religious sects following the reformation, the new encounters with the
non-European world during the colonization and the increase in social
dynamism through the growth of mercantile capitalism spurred by
primitive accumulation.

    • This settlement – which defined the modern-liberal era – is
breaking down.

    • Hobbes suspicious that knowledge is always political and that
disinterestedness is impossible is back with a vengeance.

    • Why?

    • For one, the increased complexity of society – caused as
mentioned, by the exponential increase in actors that comprise it –
makes the outside position, so crucial to disinterestedness and
inter-subjectivity, impossible. The observer is now inside the problem
and hence has only a partial view. This was the fundamental insight of
second-order cybernetics.

    • More importantly, the problems of the natural sciences no longer
concern the “other” – nature – but ourselves. Almost all scientific
problems now raise the question: how do we want do live? This breaks
down the separation between political and scientific questions.

    • This is not really new. Latour argued that we have never been
modern for 30 years now.

    • But we can also observe the rapid establishment of new ways of
organizing this increased complexity.

    • On a political level, one answer is to add another layer of
governance, namely, protocols. Protocol sets the rules of engagement,
but it does not give order, what to do, it doesn’t even mobilize
desires, telling people what to want. Anything goes, as long as agency
re-affirm the rule of the protocol that creates the conditions of agency
in the first place.

    • The contemporary technical protocols vastly increase the number of
actors that can interact.

    • IPv4,  created in the early 1980s, established space of some 4
billion actors, each identified by a unique number and everything within
that space could, in principle, be addressed and interacted with.

    • They are all used up by now.

    • IPv6 expands this number of several orders of magnitude, in fact
so many, that it’s theoretically possible to address every single atom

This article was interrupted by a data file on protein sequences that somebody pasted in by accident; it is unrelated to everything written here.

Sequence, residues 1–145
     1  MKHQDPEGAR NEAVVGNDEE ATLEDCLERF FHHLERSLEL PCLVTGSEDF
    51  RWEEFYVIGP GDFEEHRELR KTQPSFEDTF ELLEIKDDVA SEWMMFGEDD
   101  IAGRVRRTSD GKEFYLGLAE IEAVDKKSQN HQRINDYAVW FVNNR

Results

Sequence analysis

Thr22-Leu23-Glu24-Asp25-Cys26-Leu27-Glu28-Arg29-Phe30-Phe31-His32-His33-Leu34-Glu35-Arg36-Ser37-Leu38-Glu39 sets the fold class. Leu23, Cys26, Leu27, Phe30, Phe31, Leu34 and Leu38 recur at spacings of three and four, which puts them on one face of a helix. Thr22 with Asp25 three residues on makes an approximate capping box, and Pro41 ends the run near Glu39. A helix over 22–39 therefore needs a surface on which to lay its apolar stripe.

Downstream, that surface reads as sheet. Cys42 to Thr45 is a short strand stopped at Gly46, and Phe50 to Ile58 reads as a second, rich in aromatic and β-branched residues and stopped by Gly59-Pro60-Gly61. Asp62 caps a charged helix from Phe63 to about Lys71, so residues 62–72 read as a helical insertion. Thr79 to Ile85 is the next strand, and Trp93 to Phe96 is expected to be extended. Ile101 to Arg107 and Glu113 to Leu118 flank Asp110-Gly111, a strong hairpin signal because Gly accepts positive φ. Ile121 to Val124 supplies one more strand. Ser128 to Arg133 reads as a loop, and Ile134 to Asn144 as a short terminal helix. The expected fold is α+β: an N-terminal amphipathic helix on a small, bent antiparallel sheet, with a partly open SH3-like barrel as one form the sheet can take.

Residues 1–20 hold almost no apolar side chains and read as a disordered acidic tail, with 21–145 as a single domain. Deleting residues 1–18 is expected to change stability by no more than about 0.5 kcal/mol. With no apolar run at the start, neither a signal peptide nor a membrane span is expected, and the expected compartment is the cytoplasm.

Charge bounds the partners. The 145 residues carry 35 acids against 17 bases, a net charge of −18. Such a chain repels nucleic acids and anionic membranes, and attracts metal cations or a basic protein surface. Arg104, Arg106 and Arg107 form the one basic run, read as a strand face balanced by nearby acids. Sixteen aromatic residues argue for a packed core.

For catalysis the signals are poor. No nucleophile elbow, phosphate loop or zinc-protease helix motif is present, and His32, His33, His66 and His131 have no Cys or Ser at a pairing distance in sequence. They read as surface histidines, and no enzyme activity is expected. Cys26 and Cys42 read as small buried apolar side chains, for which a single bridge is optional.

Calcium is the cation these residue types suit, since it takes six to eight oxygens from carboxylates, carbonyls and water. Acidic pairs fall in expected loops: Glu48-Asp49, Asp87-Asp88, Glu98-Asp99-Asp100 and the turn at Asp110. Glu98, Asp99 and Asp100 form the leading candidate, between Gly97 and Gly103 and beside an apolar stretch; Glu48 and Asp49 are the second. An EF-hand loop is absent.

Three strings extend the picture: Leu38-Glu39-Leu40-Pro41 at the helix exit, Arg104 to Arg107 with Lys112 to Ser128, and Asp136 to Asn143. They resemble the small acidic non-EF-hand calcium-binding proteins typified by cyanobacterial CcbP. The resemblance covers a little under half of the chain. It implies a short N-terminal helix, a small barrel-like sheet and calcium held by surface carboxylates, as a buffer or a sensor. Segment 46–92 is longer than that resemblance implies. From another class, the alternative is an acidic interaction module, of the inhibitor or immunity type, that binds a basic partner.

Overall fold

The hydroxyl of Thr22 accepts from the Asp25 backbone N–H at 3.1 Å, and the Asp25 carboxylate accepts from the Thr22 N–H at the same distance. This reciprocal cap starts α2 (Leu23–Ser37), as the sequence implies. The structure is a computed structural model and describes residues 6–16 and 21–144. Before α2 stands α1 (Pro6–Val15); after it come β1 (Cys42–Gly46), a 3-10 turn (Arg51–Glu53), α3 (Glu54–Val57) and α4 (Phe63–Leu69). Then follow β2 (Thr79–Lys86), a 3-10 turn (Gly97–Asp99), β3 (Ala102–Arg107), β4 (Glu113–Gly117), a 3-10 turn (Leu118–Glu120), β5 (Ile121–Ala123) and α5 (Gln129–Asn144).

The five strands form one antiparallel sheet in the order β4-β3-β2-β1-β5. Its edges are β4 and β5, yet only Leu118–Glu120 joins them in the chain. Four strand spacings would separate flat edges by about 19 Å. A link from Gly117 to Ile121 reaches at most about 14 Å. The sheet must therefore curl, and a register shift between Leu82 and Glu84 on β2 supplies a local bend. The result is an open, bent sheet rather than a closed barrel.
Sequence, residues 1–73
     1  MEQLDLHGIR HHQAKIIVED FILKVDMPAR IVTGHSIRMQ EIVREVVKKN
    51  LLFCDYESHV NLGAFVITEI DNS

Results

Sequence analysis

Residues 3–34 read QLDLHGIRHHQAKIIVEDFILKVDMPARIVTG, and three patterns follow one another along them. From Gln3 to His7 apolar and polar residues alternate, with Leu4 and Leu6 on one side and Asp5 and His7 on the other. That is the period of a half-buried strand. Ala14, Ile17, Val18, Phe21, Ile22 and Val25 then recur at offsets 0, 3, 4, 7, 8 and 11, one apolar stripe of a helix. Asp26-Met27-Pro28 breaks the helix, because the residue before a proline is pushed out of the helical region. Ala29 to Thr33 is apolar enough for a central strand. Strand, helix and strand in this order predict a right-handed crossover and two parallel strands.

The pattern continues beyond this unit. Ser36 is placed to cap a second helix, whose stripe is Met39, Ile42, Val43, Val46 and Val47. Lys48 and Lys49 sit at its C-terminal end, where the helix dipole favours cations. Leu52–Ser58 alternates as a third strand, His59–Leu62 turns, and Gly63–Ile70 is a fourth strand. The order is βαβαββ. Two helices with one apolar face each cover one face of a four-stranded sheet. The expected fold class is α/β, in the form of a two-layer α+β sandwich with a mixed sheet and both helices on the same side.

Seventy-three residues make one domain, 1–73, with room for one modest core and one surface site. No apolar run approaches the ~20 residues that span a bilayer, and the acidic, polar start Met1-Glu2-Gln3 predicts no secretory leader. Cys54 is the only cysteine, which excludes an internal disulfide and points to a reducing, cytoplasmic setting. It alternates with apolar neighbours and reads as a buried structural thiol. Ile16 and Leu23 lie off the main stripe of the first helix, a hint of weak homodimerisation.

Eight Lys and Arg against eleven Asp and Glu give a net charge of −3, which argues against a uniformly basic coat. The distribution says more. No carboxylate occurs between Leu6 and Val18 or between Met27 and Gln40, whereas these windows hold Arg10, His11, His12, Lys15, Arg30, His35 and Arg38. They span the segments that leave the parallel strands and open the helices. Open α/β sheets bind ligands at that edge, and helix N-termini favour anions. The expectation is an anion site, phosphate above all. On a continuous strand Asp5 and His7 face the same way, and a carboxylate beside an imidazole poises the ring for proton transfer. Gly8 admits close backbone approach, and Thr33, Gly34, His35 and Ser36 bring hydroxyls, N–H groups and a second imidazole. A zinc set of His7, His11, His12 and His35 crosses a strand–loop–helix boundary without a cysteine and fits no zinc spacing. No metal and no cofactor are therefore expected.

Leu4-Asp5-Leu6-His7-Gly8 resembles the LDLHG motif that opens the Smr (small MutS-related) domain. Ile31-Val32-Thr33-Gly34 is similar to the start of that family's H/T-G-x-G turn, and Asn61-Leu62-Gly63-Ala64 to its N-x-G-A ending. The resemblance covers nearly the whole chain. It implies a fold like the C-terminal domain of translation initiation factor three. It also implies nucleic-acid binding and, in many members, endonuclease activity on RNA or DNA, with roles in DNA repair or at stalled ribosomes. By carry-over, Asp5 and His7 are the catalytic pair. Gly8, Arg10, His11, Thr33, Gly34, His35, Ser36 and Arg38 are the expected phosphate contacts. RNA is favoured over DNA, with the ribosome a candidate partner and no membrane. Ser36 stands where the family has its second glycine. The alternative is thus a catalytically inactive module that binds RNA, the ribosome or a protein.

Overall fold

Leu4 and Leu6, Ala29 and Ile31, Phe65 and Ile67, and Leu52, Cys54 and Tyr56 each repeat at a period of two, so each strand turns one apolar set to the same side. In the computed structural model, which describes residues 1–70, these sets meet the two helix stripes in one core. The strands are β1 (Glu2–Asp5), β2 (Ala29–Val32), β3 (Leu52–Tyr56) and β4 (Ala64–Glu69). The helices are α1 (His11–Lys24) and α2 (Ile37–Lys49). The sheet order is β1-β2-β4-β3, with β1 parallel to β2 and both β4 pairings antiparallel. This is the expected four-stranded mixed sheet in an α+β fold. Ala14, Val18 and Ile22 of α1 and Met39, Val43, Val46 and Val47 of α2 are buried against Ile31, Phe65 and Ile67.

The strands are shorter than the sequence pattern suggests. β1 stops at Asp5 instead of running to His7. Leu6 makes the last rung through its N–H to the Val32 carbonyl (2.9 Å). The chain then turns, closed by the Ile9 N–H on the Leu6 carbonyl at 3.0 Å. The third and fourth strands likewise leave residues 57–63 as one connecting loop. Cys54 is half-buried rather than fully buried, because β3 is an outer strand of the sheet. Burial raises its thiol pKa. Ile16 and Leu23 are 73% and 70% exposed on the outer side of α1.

on the planet individually.

    • But it’s not just the number of actors that is rising, it’s also
their heterogeneity: people, machines, animals, plants, objects and
dynamic patterns. By putting sensors everywhere, they all can now speak
and the present in this space created by the protocols.

    • Epistemologically, it’s the jump from small data to big data.

    • Big data allows, so the promise, to take in everything, to avoid
reductionist modeling.

    • But data is not knowledge. That is generated through algorithmic
procedures, that run through that data until they find something that
“works”. So, the answers becomes directly related to the question and
the question is one of utility. Because it core issue turn from external
truth to internal use.

    • Both, protocols and machine analysis, promise a new unified space.
The separation of knowledge domains collapses.

    • It’s the same actors that drive both the expansion of protocols as
a way to organize a much higher number of actors,  as well as the new
epistemological procedures, to make sense out of this complexity. But
“making sense” means not to establish truth, but to able to interfere in
it. Not from the outside, but from within.

    • What I’m now interested in is what kind of questions can be
addressed, and by whom, and what kind of knowledge disappear within this
new unified space of planetary protocols and data driven analysis.